SCHENECTADY — The proposed Schenectady City School District budget includes funding to join a program pushing a new way of teaching prospective teachers: two-year residencies in the same classroom.
The two-year residency program, the Classroom Academy, is run out of the Washington-Saratoga-Warren-Hamilton-Essex BOCES and aims to extend the student-teaching experience to two full school years, giving budding new teachers a chance to experience every nuance of leading a classroom.
Schenectady set aside funding in the proposed budget up for voter approval next week to allow for 12 student-teacher residencies in the district next year; the residents are slated to be placed in classrooms across the district at the elementary and secondary levels.
Juliet Benaquisto, president of Schenectady teachers union, said the extended placement will give teachers-in-training a chance to develop a close working relationship with the teachers they are placed with – called an “attending teacher.”
“There’s not sufficient time for them to really get to know the students and the teachers,” Benaquisto said of the traditional two-month student teacher placements. “Having a program like this actually gives time for that individual [teacher candidate] to develop and to have a collaborative co-teaching situation.”
The residency program is in its second year of teacher placements this school year and has residents working in Cambridge, Hudson Falls and Beekmantown school districts in the North Country. A total of 11 resident teachers are working in classrooms in those districts. But the expansion into Schenectady will open doors for the program to operate in a more diverse setting and in a much larger district.
Colleen McDonald, who manages the residency program, said she reached out to Schenectady earlier this year and was excited district officials have made space for resident placements in the budget.
“Not only do we want to prepare teachers to be able to really serve a diverse population, we also want to be able to recruit diverse candidates,” McDonald said. Stillwater schools has set aside funding in its budget proposal for two resident slots.
McDonald, alongside a resident teacher and attending teacher, presented the program to the state Board of Regents last week, showcasing what state officials suggested was a promising model for future teacher preparation programs.
“I realized teaching is an art, and if I’m going to be the best I could be I needed time and resources for developing that art,” Kayleigh Ward, the program’s lead resident, said at the Board of Regents meeting.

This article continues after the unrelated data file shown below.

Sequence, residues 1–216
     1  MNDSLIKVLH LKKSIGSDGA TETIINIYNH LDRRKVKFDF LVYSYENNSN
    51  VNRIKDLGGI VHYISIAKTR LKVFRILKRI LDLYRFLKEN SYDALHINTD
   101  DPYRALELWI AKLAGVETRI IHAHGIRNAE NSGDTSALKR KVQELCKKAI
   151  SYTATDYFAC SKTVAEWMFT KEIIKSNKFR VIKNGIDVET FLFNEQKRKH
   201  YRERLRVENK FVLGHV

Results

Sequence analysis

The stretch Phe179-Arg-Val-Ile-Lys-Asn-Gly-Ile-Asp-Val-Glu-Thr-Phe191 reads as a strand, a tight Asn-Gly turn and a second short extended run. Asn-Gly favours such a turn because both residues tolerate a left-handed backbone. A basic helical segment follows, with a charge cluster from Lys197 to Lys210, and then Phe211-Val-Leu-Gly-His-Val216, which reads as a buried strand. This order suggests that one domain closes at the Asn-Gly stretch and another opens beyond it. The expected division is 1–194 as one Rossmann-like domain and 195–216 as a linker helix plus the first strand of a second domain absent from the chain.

McDonald said teaching is a complex job that requires a deep understanding of what goes into managing the needs of dozens of students, mastery of content and first-hand experience dealing with students. Simply put, learning what goes into being a good teacher takes more time than what’s allowed in traditional student-teacher placements – potentially even more time than what’s allowed in yearlong placements.
Benaquisto said the attending teachers in Schenectady have not yet been identified, though interested school buildings have requested resident placements. She said she expected enough teachers would come forward to participate.
The attending teachers work closely with their residents, who will start in the classroom on the first day of the schools, gradually involving the resident more and more in the planning and execution of lessons. The attending teachers also make progress toward the National Board Certification, a leading designation for master teachers.
The resident can fill in as a substitute if the attending teacher is absent and as the residency reaches into its second year, the resident teacher will be given more leeway to lead the class.
This spring and summer, the attending teachers will be involved in interviewing prospective residents before finalizing a match.
“It’s a two-year commitment, you want everyone to feel like it’s a good match,” Benaquisto said.
The current resident teachers placed in North Country schools come from the SUNY Plattsburgh graduate teaching program, but McDonald said the program is close to bringing on board two more colleges as partners in the program.
The program will cost the district about $31,000 per resident, with the resident earning a $22,000 stipend and the hosting teacher earning a $4,500 stipend. But the program qualifies for state funding through the district’s BOCES reimbursement rate.
By paying the resident teachers, McDonald said, the program allows prospective teachers to make money as they earn a graduate degree and teaching certification.
Schenectady district officials have been working to develop a residency or fellowship program that could target hard-to-fill areas and give prospective teachers a chance to develop skills and grow comfortable with the culture of Schenectady. The existing Classroom Academy residency program was a good fit, Superintendent Larry Spring said.
“It hits so many of the things that we know about what is good teacher preparation, what is good instruction,” Spring said. “The fact that it’s extended beyond a typical semester, across two years, we think is really powerful.”
After two years working in a Schenectady classroom, a resident teachers should know if they are interested in continuing in the district; and the district should know if it’s interested in keeping them in the district.
“Rather than crossing our fingers and hoping someone will be good in an urban setting, it gives us the opportunity to shape them: here’s what it takes to be good in Schenectady,” Spring said. “By the time you are done with your two years… you will have had a two-year interview and we’ll have a pretty good idea of whether or not you’ll cut it.”
The school district budget goes up for public approval May 21.